ViewSonic Pro8600 review

The Pro8600 will definitely make you see the light, but is it worth the price tag?

ViewsSonic Pro8600
Projecting a good image

TechRadar Verdict

As a catch-all projector for any environment and scenario, the Pro8600 isn't the final solution, but for many users its high brightness will trump its low resolution.


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    Very bright

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    Four-way laptop hook-up

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    Laser pointer in remote


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    Optional WiFi dongle

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    Poor USB file support

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    XGA resolution

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    Single HDMI slot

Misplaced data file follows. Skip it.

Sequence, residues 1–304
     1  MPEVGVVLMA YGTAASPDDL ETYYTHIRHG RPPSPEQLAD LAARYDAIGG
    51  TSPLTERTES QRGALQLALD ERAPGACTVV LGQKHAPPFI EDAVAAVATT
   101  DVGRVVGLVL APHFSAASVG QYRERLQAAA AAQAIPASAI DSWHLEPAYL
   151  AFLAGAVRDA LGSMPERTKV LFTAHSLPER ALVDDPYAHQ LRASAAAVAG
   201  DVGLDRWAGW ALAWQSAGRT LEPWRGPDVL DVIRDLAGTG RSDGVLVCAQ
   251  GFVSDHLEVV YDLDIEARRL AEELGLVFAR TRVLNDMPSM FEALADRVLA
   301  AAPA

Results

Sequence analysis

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This is one bright beamer. Capable of pumping out 6,000 lumens for the paltry sum of around £1,500 ($2520/AUS$2719), ViewSonic has come up with something genuinely exciting.

Add an ability to simultaneously display the desktops of four computer screens and the Pro8600 seems like the ideal solution for collaboration.

Add DLP Link 3D readiness and the Pro8600 could be perfect for some, but there are aspects about the Pro8600 that make it anything but cutting-edge.

Viewsonic Pro8600


Our major worry is detail – or lack of. If an XGA resolution (1024 x 768 pixels) for this kind of money seems unreasonable (particularly if it's then divvied-up between four computers), we're also not convinced by its 4:3 native shape.

We would have preferred 16:10. Weighing 3.86kg and measuring 333 x 263 x 110mm, the Pro8600 comes in a handy carry case, though it's pretty basic stuff; the wraparound zip is handy for quickly extracting the Pro8600, and so too is the front section for all cables, but the fabric just doesn't seem strong enough. It comes with a shoulder strap, but it's a flimsy solution and we're not sure many people will risk carting around a £1,500 projector using only that for support.

The Pro8600 is networkable, but only via wired LAN; WiFi is only a possibility if you purchase an optional WiFi dongle from ViewSonic. That's a blow.